Agriprocessors Raid Made Us, Briefly, Rethink Kashrut

Where We Are on Fifth Anniversary of Postville Raid

Kosher Scandal: On the anniversary of the raid that started the Agriprocessors kosher meat scandal, a look at what has changed, and what is still the same.
Kosher Scandal: On the anniversary of the raid that started the Agriprocessors kosher meat scandal, a look at what has changed, and what is still the same.

By J.J. Goldberg

Published May 12, 2013, issue of May 31, 2013.
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Our reporter Nathaniel Popper had turned up hard evidence of appalling abuse: substandard wages, inadequate safety measures, horrific accidents, routine short-changing of pay, bribe-taking by shift supervisors and more. Workers feared to complain because many were undocumented and subject to firing or deportation. Many couldn’t risk dismissal because they owed thousands of dollars to the smugglers who brought them over the border.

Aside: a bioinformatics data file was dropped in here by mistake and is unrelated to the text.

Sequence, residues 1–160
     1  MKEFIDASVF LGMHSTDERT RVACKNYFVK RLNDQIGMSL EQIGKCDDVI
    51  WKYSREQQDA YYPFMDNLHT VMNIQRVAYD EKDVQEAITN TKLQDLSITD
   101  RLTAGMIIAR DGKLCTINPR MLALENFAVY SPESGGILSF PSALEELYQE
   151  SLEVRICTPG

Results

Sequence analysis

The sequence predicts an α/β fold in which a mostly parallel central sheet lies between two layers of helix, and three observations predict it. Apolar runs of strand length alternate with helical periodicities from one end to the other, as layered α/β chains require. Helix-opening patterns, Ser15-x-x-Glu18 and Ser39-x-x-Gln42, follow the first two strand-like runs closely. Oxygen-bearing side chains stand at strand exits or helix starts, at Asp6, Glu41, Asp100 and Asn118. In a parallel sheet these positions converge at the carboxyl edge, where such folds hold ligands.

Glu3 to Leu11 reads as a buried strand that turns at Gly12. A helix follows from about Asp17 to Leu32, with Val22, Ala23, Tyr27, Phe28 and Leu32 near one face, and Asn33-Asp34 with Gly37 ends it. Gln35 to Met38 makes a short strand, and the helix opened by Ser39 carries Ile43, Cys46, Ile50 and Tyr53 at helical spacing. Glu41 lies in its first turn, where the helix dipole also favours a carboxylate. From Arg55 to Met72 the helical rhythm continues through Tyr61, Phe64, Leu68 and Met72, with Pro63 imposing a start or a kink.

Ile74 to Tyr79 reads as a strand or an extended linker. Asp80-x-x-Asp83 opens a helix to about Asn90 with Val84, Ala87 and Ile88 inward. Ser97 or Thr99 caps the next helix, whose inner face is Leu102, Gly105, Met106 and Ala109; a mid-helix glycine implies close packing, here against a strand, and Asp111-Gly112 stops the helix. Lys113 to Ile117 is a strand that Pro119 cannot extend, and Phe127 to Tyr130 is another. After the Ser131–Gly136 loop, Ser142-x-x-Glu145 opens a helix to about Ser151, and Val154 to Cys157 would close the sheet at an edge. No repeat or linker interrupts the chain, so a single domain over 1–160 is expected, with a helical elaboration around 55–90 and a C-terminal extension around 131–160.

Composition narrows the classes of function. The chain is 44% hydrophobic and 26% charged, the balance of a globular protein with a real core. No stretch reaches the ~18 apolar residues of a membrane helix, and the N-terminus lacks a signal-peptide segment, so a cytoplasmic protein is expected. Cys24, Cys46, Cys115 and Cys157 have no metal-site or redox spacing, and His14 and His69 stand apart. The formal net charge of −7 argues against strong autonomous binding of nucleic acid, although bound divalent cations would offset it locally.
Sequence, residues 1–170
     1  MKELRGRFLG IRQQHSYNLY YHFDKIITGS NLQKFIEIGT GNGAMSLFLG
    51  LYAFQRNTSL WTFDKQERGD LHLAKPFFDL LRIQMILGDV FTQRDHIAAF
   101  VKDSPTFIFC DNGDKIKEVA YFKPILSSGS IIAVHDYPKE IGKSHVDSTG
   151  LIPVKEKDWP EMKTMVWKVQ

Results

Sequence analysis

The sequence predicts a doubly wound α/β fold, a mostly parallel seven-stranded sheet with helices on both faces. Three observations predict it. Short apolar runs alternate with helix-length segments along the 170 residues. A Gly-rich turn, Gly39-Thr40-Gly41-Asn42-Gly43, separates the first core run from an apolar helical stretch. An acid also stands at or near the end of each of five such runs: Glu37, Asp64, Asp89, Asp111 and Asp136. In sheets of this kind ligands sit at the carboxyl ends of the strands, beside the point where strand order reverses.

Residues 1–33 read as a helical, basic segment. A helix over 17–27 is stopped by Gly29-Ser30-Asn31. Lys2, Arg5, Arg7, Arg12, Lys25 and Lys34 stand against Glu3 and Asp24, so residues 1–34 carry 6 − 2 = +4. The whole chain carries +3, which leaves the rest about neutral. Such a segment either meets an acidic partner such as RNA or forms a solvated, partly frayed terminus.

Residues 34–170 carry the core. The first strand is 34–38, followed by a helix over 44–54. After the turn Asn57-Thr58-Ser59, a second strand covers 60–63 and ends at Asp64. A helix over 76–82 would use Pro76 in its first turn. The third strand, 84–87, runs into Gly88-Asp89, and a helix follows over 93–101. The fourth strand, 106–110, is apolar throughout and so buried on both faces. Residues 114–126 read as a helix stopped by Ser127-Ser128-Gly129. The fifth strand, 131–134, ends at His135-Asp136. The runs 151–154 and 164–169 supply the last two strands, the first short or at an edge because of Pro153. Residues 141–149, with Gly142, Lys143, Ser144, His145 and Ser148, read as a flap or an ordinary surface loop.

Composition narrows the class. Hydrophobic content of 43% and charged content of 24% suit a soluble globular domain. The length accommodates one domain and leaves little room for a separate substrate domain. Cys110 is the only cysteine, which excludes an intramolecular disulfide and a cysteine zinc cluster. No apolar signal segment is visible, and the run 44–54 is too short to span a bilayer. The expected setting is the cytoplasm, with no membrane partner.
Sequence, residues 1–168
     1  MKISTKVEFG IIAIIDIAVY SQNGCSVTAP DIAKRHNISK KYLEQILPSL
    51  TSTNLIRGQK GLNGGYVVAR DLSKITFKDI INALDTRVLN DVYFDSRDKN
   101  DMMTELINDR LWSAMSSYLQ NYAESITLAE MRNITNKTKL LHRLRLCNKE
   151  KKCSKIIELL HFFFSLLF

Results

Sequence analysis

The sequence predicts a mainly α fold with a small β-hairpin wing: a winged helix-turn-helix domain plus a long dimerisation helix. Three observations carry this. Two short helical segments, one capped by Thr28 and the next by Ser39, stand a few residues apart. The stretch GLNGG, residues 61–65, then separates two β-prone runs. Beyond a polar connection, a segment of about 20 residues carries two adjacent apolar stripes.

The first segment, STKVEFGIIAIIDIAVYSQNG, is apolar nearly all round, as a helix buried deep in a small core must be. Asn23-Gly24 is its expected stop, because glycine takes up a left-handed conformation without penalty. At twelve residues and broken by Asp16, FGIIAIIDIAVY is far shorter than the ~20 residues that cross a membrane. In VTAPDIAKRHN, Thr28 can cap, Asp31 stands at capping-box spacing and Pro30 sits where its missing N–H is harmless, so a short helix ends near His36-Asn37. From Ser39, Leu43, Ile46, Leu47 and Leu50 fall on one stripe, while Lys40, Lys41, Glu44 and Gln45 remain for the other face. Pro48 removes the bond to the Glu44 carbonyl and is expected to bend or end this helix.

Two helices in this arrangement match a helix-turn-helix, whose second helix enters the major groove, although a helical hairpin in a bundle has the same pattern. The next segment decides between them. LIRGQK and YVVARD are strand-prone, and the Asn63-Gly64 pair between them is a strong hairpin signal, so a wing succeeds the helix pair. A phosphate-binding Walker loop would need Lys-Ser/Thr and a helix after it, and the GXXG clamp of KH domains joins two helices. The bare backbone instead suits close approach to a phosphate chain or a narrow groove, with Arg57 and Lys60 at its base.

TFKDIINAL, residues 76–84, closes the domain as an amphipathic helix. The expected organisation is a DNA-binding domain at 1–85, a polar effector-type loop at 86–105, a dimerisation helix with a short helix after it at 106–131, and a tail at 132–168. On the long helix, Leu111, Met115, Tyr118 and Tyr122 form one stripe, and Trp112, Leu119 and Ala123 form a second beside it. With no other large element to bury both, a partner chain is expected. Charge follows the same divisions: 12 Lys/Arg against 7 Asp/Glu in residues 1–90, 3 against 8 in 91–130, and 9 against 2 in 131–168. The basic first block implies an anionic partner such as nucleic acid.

The story quoted investigators and researchers saying they hadn’t paid much attention to Agriprocessors because they assumed its religious management meant higher ethical standards, not lower ones. The Forward said in an editorial that the Torah’s rules on treatment of workers are at least as detailed as those on food preparation, and asked why violating Sabbath laws disqualifies kosher certification but violating the Torah’s labor laws does not.

“Why is this meat kosher?” we asked.

Why have efforts at reform faltered?

The coverage sparked a nationwide furor and stirred demands for action within the kosher-consumer community. Allen spearheaded a response within the Conservative rabbinate. Together with allies, he formed an organization called Magen Tzedek — “Shield of Justice” — to offer companies an ethical-practices certification supplementing the standard kosher certification. It’s been a tough slog.

Firms want to know that consumers will reward them for the commitment. That can’t be shown until someone tries, and nobody wants to go first. “We had one kosher meat company say they’d be thrilled to be the second to be certified,” Allen said.

And there’s been quiet but fierce opposition from existing kosher certification agencies. Partly that reflects the kosher food industry’s famously sharp-elbowed business culture. Partly, too, it stems from what Allen calls “a disease inside the Jewish community”: Some folks “can’t believe the Torah can ever come from outside their own community.”

To people all too accustomed to attacks on their religion, questioning their ethics feels like one more attack. Result: They circle the wagons.


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